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    9 Article
    Cartilage Oligomeric Matrix Protein initiates cancer stem cells through activation of Jagged1-Notch3 signaling
    Konstantinos S. Papadakos a, Michael Bartoschek b, Carmen Rodriguez a, Chrysostomi Gialeli a, Shao-Bo Jin c, Urban Lendahl c, Kristian Pietras b and Anna M. Blom a
    a - Division of Medical Protein Chemistry, Department of Translational Medicine, Lund University, Malmö, Sweden b - Division of Translational Cancer Research, Department of Laboratory Medicine, Lund University, Lund, Sweden c - Department of Cell and Molecular Biology, Karolinska Institute, Stockholm, Sweden
    Cancer stem cell populations are important for the initiation, progression and metastasis of tumors. The mechanisms governing cancer stem cell control are only partially understood, but activation of the Notch3 pathway plays a crucial role in the maintenance of breast cancer stem cells. Expression of Cartilage Oligomeric Matrix Protein (COMP) in breast cancer cells is correlated with poor survival and higher recurrence rates in patients. In this study, we provide in vivo and in vitro evidence that COMP expression increases the proportion of cancer stem cells in breast cancer. Thus, MDA-MB-231 and BT-20 cells expressing COMP formed larger tumorspheres in vivo and in vitro and displayed higher ALDH-activity than cells lacking COMP. Additionally, BT-20 COMP-expressing cells displayed higher expression of CD133 compared with the control cells. Furthermore, among the different Notch receptors, Notch3 is specifically activated in COMP-expressing cells. Mechanistically, activation of Notch3 is mediated by secreted, polymeric COMP, which interacts with both Notch3 and its ligand Jagged1, bridging the receptor and ligand together, enhancing Notch3-specific signaling. COMP-dependent Notch3 activation also leads to cross-talk with β-Catenin and AKT pathways. Using the model of MMTV-PyMT mouse breast tumorigenesis, we observed a decrease in the size of tumors and the amount of cancer stem cells as well as reduced Notch3 activation, in COMP knockout mice in comparison to wild type mice. In conclusion, we reveal a novel molecular mechanism whereby COMP regulates the cancer stem cell population through increasing the interaction between Notch3 and Jagged1, leading to increased activation of Notch3 signaling.
    The micro-environment surrounding tumor cells typically consist of stromal cells, extracellular matrix (ECM) components, and immune cells, all of which are attracted to and influenced by tumor cells [1]. Tumors consist of heterogenous clones organized in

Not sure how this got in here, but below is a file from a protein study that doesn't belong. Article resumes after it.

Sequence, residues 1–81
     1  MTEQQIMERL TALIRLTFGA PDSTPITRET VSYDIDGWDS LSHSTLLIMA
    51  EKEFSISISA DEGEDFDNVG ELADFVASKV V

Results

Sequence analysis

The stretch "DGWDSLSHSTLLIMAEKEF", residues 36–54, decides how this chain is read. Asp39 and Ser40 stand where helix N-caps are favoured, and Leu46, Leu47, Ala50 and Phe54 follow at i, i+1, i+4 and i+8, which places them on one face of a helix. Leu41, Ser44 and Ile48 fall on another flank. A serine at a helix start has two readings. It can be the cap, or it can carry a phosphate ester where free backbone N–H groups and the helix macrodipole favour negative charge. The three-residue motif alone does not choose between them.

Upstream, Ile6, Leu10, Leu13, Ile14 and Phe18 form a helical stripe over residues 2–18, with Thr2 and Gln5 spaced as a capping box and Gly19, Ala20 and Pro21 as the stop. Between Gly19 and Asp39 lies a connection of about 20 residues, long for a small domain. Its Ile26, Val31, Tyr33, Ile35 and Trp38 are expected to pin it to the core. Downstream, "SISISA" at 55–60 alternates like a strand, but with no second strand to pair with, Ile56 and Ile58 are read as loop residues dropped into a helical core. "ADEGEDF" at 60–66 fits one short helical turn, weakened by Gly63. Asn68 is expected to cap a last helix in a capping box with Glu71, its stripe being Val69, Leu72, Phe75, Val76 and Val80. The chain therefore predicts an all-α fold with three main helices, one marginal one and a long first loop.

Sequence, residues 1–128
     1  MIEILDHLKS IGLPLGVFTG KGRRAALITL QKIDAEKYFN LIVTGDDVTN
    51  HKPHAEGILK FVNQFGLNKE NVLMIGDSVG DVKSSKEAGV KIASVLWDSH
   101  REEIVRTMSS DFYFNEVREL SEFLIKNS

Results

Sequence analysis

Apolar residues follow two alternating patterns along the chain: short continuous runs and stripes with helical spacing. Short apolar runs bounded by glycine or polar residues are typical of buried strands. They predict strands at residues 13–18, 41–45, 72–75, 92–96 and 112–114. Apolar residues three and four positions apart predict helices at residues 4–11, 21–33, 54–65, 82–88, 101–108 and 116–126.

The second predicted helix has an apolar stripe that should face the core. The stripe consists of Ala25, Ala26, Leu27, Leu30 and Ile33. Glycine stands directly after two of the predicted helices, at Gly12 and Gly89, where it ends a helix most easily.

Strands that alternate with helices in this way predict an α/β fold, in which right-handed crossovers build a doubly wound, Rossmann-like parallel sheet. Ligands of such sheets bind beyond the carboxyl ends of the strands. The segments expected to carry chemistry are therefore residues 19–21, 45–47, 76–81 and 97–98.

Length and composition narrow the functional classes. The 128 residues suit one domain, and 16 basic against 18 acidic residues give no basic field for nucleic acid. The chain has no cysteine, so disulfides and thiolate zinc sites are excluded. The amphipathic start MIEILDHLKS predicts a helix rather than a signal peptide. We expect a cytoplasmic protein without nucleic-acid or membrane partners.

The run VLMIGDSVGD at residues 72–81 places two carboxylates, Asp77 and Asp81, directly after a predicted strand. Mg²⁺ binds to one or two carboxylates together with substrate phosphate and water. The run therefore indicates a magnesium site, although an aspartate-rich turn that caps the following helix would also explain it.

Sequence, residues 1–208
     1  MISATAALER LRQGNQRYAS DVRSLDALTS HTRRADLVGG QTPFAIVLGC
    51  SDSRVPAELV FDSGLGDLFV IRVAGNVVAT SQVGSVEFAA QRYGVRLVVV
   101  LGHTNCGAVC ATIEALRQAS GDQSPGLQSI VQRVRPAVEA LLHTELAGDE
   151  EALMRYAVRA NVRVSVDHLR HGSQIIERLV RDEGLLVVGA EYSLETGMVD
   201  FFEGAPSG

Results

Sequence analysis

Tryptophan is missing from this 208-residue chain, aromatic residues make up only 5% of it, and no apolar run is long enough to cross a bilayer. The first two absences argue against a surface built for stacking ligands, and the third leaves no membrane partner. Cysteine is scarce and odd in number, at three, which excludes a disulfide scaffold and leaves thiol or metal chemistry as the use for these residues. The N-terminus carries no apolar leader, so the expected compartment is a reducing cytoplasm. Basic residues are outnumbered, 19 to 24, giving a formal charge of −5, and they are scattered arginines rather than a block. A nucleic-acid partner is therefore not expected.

a complex “community” of cells. Tumors are thus heterogenous clusters of cells and two main models have been proposed to explain this heterogenicity: the stochastic and the cancer stem cell model [2]. According to the cancer stem cell model, tumors 
    contain a small percentage of cancer stem cells with self-renewing capability that can give rise to sub-clones, which are encountered in a tumor. Cancer stem cells are considered crucial for the progression of tumors as well as for the initiation of metastasis and have therefore been referred to as metastasis-initiating cells [3].
    The core molecular pathways involved in the maintenance and self-renewal of cancer stem cells are Notch, Wnt, and Hedgehog [4]. Notch signaling is a cell-to-cell communication system, initiated when transmembrane ligands (DSL ligands; Delta/Serrate/
    108 COMP leads to activation of Notch3
    LAG-2) in one cell (the signaling cell) interact with transmembrane Notch receptors on a juxtaposed cell (the signal-receiving cell) [5]. There are four different Notch receptors (1–4), all of which undergo complex proteolytic processing in response to ligand activation. A Notch receptor is produced in the endoplasmic reticulum and subsequently is cleaved by furin-like convertase in the Golgi compartment to form a bipartite protein. The bipartite receptor is comprised of an extracellular portion, which mainly consists of epider-mal growth factor (EGF)-like repeats and an intracel-lular portion, consisting of a transmembrane moiety and a C-terminal domain of a RBP-Jκ-associated module (RAM) domain, ankyrin (ANK) repeats, and nuclear localization signals (NLSs) [6]. Ligand-receptor binding leads to the metalloproteinase-mediated (ADAM10 or ADAM17) cleavage of the Notch extracellular domain which permits further processing of the transmem-brane portion by the γ-secretase complex [7]. The γ-secretase liberates the C-terminal portion of the receptor (the Notch intracellular domain, NICD), which translocates to the nucleus, interacting with the DNA-binding protein CSL (a.k.a RBP-J) and MAML1, which stabilizes the Notch ICD-CSL interaction.